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A 5-star lesson in wasting energy, Part II

First of all, thank you for your comments and feedback to my previous blog on energy waste in 5-star hotels!

Reading some comments, and my experience, raise the question: Do guests want green hotels? This may be a quite disruptive question. The same person who will answer with a definitive yes when asked at home may immediately complain when he or she arrives in a hotel and finds the room too cold or too hot and has no understanding if it takes too long to heat up or cool down. Well, humans are not logical by nature!

City hotels and resorts are different, as well. For guests of resort hotels of higher categories, environment and sustainability are of higher importance than for city hotels, especially business hotels (this may apply quite often to same person!).

For those hotels where the guest requirements regarding environment and sustainability are lower, there is a higher responsibility of hotel owners and operators to set and fulfill environmental standards. However, many hotels fail even with the simplest items.

Nowadays in almost every hotel you find instructions on what to do with your towels, including an appeal to save the environment by not changing your towels daily.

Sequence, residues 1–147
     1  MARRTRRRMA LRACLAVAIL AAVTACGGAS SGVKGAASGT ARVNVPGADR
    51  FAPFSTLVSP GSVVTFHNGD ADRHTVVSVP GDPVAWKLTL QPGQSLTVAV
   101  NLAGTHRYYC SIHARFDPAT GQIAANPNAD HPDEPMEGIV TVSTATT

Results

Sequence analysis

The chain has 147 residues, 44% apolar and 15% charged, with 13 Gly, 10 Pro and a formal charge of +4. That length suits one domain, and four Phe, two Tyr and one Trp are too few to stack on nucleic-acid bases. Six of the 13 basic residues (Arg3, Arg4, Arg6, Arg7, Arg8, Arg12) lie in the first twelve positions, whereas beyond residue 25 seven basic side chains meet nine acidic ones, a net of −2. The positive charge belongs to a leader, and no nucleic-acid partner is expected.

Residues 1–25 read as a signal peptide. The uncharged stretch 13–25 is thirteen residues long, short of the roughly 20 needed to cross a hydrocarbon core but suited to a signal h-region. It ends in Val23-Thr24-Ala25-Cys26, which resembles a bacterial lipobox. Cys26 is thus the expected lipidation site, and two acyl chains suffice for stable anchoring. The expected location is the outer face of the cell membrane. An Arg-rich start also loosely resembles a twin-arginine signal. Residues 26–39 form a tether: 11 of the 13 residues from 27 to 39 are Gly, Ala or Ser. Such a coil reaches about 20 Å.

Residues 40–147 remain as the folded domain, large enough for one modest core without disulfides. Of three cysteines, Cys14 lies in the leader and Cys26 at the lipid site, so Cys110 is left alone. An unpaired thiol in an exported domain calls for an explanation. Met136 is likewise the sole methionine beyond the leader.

In most of the hotels I stay in – on almost all continents – the towels are changed daily, no matter if you hang them somewhere or drop them on the floor. In many – if not most – of the bathrooms, there simply is no place to hang your towel, if you do not want to have it changed. I wrote about this in a blog two years ago – I picked it up again, because for me this one of the most annoying things in a hotel. One of the reasons for this is staff training. If the management does not apply rules and training, it will never work.

Here we get to a point that was raised in several comments and which also correlates with my observations. If the GM does not care, the staff does not care. Of course this is the case for all activities and services provided by a hotel. It is especially true for environmental issues that are not cost-saving in the first place and require certain efforts.

If we want to save the environment and implement sustainability, we have to put pressure on hotel operators not just to develop guidelines and standards but also to implement them. What if Internet portals like Tripadvisor, Booking.com and others include environmental items in their valuations? If guests could comment and rate not only the service and overall experience in a hotel, environment and sustainability would get more attention. 

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